Dear Edutopia.org Visitor:
Education is the foundation of our democracy -- the stepping-stones for our youth to reach their full potential. My own experience in public school was quite frustrating. I was often bored. Occasionally, I had a teacher who engaged my curiosity and motivated me to learn. Those were the teachers I really loved. I wondered, "Why can't school be engaging all of the time?" As a father, I've felt the imperative to transform schooling even more urgently.
Traditional education can be extremely isolating -- the curriculum is often abstract and not relevant to real life, teachers and students don't usually connect with resources and experts outside of the classroom, and many schools operate as if they were separate from their communities.
Project-based learning, student teams working cooperatively, children connecting with passionate experts, and broader forms of assessment can dramatically improve student learning. New digital multimedia and telecommunications can support these practices and engage our students. And well-prepared educators are critical.
Our Foundation documents and disseminates the most exciting classrooms where these innovations are taking place. By shining the spotlight on these inspiring teachers and students, we hope others will consider how their work can promote change in their own schools.
Our Foundation staff is eager to know about your work in improving schools and what you think of our site. We encourage you to share your ideas on Edutopia.org by contributing to the comments field at the bottom of any content page, or email your comments to email@example.com.
Education: The Single Most Important Job (2012)
In honor of Teacher Appreciation Day, filmmaker and Edutopia founder George Lucas shares his vision for how education can change lives.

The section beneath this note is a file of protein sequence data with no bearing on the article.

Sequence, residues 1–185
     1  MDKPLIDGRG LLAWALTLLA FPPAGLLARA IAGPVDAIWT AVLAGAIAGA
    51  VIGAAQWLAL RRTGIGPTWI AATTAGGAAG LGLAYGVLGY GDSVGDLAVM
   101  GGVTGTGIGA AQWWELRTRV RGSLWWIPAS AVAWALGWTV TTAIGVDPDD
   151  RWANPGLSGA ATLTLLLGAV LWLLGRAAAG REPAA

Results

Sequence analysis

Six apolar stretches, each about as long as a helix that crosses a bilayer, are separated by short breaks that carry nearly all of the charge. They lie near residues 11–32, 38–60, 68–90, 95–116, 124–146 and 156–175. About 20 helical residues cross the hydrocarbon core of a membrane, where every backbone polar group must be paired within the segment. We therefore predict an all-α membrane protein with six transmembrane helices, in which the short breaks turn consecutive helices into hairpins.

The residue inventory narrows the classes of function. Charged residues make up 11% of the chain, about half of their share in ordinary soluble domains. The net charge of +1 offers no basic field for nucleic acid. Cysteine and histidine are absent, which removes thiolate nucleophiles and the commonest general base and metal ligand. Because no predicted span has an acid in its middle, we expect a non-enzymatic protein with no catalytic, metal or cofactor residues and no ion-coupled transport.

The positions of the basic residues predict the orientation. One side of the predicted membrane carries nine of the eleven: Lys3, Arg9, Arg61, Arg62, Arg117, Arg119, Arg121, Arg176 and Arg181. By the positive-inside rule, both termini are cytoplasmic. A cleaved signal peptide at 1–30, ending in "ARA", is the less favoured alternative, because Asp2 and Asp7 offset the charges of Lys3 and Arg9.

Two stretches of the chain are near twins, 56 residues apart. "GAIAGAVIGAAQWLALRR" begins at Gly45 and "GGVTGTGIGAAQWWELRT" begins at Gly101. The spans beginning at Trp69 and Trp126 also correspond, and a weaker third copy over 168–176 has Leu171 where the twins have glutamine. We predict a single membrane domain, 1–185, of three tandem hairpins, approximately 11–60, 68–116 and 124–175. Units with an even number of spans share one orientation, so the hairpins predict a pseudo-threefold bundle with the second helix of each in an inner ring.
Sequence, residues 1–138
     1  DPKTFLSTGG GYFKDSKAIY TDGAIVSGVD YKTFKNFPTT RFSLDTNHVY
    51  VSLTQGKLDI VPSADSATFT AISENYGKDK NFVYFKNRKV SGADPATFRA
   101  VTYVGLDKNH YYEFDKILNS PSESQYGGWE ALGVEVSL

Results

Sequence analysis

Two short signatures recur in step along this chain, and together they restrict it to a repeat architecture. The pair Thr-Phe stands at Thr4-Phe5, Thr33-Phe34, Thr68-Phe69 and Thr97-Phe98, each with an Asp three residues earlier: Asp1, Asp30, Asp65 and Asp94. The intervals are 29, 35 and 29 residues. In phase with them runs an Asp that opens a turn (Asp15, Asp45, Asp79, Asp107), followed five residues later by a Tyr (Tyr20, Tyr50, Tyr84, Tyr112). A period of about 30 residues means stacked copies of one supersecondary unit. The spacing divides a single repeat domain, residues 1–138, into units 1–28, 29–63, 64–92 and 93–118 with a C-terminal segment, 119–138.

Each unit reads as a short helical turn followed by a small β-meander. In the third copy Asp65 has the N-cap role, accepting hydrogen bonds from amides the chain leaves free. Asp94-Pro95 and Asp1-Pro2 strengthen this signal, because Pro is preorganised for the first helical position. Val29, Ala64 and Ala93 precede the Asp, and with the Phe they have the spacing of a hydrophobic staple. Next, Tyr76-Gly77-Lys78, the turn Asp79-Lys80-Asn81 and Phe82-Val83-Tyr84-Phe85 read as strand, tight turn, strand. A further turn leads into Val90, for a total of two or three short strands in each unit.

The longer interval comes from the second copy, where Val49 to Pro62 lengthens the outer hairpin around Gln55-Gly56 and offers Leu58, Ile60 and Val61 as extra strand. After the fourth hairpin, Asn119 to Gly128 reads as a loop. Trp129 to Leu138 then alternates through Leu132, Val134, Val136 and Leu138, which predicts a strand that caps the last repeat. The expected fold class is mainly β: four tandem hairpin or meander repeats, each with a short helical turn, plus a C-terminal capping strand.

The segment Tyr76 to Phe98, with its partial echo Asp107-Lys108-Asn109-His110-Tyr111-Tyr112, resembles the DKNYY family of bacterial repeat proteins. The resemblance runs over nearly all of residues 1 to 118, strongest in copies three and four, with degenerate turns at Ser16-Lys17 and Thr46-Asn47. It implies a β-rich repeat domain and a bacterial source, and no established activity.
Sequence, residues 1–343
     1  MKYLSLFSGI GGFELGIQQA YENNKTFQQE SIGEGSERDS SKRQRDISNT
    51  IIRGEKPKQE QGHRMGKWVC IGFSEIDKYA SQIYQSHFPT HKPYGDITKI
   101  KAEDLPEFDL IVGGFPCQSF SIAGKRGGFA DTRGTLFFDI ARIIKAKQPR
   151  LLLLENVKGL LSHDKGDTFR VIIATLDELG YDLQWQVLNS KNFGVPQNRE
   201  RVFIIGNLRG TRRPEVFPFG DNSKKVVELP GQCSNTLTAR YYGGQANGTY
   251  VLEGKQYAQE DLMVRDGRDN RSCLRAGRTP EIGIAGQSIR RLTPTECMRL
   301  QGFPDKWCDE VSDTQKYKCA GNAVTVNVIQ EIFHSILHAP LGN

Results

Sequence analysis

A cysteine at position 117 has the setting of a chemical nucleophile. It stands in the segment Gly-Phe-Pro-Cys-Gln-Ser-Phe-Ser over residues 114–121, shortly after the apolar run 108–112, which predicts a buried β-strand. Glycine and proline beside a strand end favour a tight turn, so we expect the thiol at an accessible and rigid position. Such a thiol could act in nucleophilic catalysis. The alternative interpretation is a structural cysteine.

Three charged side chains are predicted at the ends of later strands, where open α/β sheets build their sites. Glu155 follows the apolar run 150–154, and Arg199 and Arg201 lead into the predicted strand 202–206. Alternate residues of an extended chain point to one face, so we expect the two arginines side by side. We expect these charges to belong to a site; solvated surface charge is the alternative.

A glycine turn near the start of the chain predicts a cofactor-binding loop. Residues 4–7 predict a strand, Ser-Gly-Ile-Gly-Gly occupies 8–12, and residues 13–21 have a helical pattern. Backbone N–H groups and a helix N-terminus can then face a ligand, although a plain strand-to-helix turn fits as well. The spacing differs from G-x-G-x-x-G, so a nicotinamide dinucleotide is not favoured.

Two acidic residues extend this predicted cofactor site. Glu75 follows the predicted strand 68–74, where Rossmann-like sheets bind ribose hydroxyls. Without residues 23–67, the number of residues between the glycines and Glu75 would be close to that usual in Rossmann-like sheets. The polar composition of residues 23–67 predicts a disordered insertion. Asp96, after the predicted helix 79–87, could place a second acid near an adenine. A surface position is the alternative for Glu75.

Join the Movement to Transform Learning (2011)
George Lucas shares his thoughts on shining a spotlight on the most exciting classrooms, schools, and districts where innovations in teaching and learning are taking place.
Beyond Superman (2010)
Edutopia founder George Lucas responds to the Waiting for Superman discussion.
Talking Heads and Hearts: Intellectual and Emotional Education Make a Potent Pairing (2008)
George Lucas joins a panel of national experts moderated by Daniel Goleman that explores the value of social and emotional learning.
George Lucas: Sharing His Hope for Education at Dreamforce (2007)
The education visionary speaks about innovation in education and the critical need for businesses to better support educational programs.
The Next Chapter (2010)
George Lucas on revving up for the future of Edutopia.org by supporting a Web-only platform with a strong community component.
Mr. Lucas Goes to Washington: Edutopia's Founder Advocates Telecom Access For All (2008)
The chairman of The George Lucas Educational Foundation urges Congress to expand Internet discounts for schools.
Educating Hearts and Minds: An Interview with George Lucas (2007)
George Lucas and Daniel Goleman discuss the many ways that social and emotional learning enhance the education process.
George Lucas: What Education Means to Me (2003)
"I've been interested in education for many years now, with vivid memories of my boyhood growing up in Modesto, California. Frankly, I was not very engaged in my classes; in fact, as a boy, I liked to daydream and write stories."
Classrooms Without Borders: A Worldwide Learning Environment (2002)
"Since September 11, the need to educate American children about the larger world has become even more urgent. Perhaps now we will see the need . . . to teach more deeply about the profound similarities and differences of the world's peoples."
EQ>IQ: The Value of Social and Emotional Learning (2001)
"In my work in filmmaking, we need talented individuals with technical skills, but their abilities to communicate and work with others are just as valuable."
On Teachers and Teaching: The Key to Innovation in Education (2000)
"The most powerful element in education is the teacher. Nothing will ever compete with that."
The Power of Teachers: The Opportunity to Shape Lives (1999)
"There is no more critical need in our society today than preparing teachers who know their subject matter well and who understand the social and emotional needs of students."